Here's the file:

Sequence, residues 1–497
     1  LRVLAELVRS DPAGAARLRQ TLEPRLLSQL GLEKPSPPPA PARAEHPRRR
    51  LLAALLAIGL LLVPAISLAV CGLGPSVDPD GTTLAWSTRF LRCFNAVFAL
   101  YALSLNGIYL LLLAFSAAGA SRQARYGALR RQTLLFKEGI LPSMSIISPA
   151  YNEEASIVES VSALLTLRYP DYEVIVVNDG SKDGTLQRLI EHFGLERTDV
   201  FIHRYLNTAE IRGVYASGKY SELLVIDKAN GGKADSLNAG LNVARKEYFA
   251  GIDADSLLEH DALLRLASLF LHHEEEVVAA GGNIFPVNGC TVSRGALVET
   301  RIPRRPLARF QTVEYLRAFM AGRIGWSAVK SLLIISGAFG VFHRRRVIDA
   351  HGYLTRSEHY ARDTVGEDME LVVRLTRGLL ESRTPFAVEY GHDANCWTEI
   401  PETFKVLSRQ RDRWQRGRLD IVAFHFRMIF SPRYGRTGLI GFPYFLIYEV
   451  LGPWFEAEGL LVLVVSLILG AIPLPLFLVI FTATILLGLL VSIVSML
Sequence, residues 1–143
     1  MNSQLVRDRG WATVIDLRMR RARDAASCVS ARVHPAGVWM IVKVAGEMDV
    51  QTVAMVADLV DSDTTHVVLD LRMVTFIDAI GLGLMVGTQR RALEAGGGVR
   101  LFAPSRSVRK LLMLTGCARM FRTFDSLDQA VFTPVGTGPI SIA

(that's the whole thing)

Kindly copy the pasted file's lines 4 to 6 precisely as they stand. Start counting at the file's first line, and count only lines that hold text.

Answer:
   101  YALSLNGIYL LLLAFSAAGA SRQARYGALR RQTLLFKEGI LPSMSIISPA
   151  YNEEASIVES VSALLTLRYP DYEVIVVNDG SKDGTLQRLI EHFGLERTDV
   201  FIHRYLNTAE IRGVYASGKY SELLVIDKAN GGKADSLNAG LNVARKEYFA